Starry Campion, Widow’s Frill, Catchfly
Synonyms of Silene stellata (6) (Updated on 12-14-22 from Plants of the World Online): Cucubalus stellatus L., Evactoma stellata (L.) Raf., Evactoma stellata var. scabrella Nieuwl., Silene scabrella (Nieuwl.) G.N.Jones, Silene stellata var. scabrella (Nieuwl.) E.J.Palmer & Steyerm., Viscago stellata (L.) Rchb.
According to Plants of the World Online by Kew, Silene stellata (L.) Coyte is the accepted scientific name for this species of Silene. It was named and described as such by William Beeston Coyte in Index Plantarum in 1807. It was previously named and described as Cucubalus stellatus by Carl von Linnaeus in the first volume of the first edition of Species Plantarum in 1753.
Most other databases and websites say Silene stellata (L.) W.T.Aiton is the accepted scientific name for the Starry Campion. William Townsend Aiton named and described the species in the second edition of Hortus Kewensis in 1811.
The genus, Silene L., was named and described as such by Carl von Linnaeus in the first volume of the first edition of Species Plantarum in 1753.
As of 12-14-22 when this page was last updated, Plants of the World Online lists a whopping 886 species in the Silene genus. It is a member of the plant family Caryophyllaceae with a total of 101 genera. Those numbers could change periodically as updates are made on POWO.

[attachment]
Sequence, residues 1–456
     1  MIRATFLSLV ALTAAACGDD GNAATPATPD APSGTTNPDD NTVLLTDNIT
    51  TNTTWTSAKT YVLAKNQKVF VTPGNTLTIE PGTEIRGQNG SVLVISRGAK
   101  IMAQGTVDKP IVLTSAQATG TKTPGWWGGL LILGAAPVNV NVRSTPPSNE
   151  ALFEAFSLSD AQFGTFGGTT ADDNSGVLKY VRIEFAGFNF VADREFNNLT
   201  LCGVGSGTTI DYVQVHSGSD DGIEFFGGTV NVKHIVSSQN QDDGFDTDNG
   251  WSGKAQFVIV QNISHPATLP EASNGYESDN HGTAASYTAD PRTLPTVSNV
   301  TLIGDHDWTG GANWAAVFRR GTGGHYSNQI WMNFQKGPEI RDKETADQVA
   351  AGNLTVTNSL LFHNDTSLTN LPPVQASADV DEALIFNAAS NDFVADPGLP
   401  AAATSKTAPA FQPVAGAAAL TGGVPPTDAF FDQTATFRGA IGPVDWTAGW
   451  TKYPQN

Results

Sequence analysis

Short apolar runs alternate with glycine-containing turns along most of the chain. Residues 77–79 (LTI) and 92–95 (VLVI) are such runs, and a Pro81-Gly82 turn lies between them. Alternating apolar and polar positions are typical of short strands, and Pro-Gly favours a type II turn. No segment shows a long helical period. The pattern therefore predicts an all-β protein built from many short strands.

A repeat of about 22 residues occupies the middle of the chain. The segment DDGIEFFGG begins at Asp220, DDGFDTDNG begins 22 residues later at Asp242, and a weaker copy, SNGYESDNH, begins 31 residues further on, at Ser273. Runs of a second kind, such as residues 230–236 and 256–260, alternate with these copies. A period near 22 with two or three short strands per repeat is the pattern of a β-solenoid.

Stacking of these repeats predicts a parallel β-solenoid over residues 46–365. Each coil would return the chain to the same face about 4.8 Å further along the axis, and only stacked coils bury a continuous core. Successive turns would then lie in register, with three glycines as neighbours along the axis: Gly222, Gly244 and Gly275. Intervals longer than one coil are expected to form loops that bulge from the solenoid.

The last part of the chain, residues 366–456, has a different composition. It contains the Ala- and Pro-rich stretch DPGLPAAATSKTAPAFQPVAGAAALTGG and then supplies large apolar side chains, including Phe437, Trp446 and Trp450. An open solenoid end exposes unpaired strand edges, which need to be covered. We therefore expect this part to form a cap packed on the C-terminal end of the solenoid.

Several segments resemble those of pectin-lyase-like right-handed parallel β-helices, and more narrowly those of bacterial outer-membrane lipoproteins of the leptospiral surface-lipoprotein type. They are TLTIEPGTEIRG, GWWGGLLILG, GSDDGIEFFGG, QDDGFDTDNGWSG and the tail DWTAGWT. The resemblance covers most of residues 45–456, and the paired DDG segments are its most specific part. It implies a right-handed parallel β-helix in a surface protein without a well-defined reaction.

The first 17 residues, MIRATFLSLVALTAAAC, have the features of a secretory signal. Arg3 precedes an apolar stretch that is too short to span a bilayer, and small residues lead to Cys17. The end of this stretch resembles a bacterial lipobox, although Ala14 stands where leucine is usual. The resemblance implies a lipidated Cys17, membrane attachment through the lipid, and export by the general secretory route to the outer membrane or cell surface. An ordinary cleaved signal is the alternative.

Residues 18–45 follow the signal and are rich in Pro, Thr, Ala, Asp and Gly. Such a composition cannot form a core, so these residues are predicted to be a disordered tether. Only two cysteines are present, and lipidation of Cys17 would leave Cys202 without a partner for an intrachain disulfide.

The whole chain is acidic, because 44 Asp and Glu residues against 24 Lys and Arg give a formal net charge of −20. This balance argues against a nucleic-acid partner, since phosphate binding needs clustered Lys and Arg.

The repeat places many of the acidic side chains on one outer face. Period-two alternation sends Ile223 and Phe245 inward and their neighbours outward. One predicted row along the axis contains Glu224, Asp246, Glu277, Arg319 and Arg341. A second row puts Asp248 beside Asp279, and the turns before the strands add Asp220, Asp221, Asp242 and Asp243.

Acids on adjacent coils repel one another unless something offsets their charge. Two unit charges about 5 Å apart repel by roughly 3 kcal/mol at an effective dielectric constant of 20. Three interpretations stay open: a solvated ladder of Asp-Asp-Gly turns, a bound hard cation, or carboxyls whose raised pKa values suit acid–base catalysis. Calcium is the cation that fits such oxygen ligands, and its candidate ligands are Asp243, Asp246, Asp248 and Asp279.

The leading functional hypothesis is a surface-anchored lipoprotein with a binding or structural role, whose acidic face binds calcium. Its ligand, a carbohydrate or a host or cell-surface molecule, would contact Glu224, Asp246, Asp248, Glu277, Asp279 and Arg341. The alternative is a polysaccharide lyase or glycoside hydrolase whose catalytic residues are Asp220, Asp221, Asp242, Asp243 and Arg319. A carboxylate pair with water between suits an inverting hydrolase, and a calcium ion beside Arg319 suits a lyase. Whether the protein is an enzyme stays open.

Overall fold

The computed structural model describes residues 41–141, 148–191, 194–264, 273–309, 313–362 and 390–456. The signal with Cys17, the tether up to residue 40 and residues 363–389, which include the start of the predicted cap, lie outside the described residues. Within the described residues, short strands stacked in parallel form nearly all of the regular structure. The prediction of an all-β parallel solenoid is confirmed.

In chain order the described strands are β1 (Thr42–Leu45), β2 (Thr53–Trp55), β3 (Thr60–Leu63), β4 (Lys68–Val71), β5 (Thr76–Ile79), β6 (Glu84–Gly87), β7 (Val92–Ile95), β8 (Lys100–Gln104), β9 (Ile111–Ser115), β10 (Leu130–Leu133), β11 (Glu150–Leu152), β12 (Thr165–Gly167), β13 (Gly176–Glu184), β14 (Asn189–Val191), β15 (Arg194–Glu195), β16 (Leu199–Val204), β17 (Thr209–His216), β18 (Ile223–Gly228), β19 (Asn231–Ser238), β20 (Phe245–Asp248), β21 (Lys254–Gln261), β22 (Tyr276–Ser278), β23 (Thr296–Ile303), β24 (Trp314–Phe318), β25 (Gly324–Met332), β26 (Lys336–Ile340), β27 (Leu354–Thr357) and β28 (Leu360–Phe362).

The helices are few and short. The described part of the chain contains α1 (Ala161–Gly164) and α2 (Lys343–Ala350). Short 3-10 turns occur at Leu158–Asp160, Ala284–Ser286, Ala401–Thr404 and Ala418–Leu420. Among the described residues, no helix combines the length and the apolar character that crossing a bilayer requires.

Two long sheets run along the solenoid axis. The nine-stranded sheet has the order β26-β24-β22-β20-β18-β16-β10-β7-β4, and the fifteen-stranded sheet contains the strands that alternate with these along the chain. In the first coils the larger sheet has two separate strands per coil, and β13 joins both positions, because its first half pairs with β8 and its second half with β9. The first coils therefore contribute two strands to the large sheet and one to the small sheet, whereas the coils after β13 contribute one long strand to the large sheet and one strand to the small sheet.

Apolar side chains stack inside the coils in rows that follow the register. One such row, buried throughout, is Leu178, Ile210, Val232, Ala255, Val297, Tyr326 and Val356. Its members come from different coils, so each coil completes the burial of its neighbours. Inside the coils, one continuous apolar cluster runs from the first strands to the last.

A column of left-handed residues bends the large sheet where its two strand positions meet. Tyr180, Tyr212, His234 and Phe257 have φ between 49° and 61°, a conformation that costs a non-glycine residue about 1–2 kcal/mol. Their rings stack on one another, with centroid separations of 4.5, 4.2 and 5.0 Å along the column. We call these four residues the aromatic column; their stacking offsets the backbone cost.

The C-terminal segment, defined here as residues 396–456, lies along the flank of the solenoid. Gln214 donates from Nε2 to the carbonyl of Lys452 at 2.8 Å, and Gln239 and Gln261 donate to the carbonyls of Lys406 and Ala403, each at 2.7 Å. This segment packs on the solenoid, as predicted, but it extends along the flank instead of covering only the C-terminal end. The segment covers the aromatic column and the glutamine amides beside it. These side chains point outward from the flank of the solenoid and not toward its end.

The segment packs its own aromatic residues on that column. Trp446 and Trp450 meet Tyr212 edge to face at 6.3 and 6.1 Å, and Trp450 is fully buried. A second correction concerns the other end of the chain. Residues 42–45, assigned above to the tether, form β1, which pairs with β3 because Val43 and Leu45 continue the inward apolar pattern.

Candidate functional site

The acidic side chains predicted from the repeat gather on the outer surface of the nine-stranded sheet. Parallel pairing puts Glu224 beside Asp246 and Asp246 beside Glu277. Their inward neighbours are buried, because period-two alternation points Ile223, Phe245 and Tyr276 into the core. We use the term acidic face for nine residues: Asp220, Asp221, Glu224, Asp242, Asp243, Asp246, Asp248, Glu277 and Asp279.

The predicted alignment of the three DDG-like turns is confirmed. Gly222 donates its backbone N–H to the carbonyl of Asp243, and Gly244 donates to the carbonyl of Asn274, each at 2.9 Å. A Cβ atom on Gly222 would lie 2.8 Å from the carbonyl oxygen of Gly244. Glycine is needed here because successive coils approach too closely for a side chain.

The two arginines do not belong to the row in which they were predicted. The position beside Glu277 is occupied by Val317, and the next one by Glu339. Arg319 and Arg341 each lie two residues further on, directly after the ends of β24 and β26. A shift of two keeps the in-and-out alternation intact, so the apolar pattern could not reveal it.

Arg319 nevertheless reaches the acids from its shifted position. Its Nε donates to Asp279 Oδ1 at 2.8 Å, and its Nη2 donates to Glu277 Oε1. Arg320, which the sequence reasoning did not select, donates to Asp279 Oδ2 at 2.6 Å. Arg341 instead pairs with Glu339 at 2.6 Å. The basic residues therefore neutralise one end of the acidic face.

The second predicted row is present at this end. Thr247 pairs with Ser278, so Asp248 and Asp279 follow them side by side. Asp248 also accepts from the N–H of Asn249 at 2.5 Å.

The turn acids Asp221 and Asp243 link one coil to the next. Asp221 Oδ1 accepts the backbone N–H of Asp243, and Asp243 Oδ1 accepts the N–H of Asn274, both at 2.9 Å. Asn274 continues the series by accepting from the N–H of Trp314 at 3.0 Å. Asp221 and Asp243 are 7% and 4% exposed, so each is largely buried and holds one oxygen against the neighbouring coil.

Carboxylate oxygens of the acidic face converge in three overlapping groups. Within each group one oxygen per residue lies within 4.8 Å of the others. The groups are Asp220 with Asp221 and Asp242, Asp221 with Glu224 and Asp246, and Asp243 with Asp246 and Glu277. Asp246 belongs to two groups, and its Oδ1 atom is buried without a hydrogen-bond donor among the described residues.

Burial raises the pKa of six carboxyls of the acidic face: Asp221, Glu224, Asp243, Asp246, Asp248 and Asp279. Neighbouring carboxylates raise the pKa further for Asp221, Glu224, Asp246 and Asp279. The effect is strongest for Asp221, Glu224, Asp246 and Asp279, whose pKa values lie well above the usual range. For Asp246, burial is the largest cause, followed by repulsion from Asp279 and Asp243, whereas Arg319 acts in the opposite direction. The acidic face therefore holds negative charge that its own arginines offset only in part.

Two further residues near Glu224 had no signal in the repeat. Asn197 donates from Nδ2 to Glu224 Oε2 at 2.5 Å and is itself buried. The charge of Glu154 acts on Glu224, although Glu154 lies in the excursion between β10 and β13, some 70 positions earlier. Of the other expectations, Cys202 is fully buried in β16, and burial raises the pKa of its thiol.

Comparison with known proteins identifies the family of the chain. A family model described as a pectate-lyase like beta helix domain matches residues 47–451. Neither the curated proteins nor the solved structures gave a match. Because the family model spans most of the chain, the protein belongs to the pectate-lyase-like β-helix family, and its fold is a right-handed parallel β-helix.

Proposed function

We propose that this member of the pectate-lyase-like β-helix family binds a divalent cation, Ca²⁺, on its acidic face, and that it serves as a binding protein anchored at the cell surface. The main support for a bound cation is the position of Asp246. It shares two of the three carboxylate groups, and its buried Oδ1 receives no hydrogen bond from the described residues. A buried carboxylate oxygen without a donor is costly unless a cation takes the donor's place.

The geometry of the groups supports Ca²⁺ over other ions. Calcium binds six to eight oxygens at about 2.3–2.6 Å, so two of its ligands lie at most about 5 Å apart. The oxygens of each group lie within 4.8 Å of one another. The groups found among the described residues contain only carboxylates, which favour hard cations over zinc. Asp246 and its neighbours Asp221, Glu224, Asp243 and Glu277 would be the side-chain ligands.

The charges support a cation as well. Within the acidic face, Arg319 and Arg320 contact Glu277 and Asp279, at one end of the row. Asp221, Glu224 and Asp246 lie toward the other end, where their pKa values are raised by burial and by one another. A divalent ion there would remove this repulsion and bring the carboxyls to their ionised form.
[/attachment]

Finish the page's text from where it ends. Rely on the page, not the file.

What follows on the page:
The above distribution map for Silene stellata is from Plants of the World Online. The map on the USDA Plants Database is similar but also includes North Dakota.
The map on iNaturalist shows where members have made observations. Anyone can join and it is a great website to confirm and share your observations. The maps on iNaturalist are continually updated as members post new observations.
THERE ARE SEVERAL LINKS AT THE BOTTOM OF THE PAGE FOR FURTHER READING AND TO HELP WITH A BETTER PLANT ID.
I found several good-sized colonies of Silene stellata while wildflower (and mushroom) hunting in the woods on a friend’s farm on May 5 in 2020. I didn’t find any morels, but I did identify quite a few new wildflowers I hadn’t seen before. Missouri Plants says the Starry Campion flowers from June through September but I was unable to go back to get photos at that time. The woods are very thick later in the summer so getting through them is very difficult (not to mention the mosquitos). Hopefully, I can go back in 2021.
I apologize for not writing descriptions at the moment. I am busy updating plant pages and writing new pages for wildflowers I identified over the summer (plus adding more photos to previously published pages). Writing descriptions in my own words can be a lengthy process, so I decided to just make new pages and come back later and write the descriptions. This is a winter project but sometimes I get behind and it takes longer. I need to continually update because plant names change, the number of species and genera fluctuates, and I want to be as accurate as I can. There are several very good websites below that can help with a positive ID. We are all a work in progress.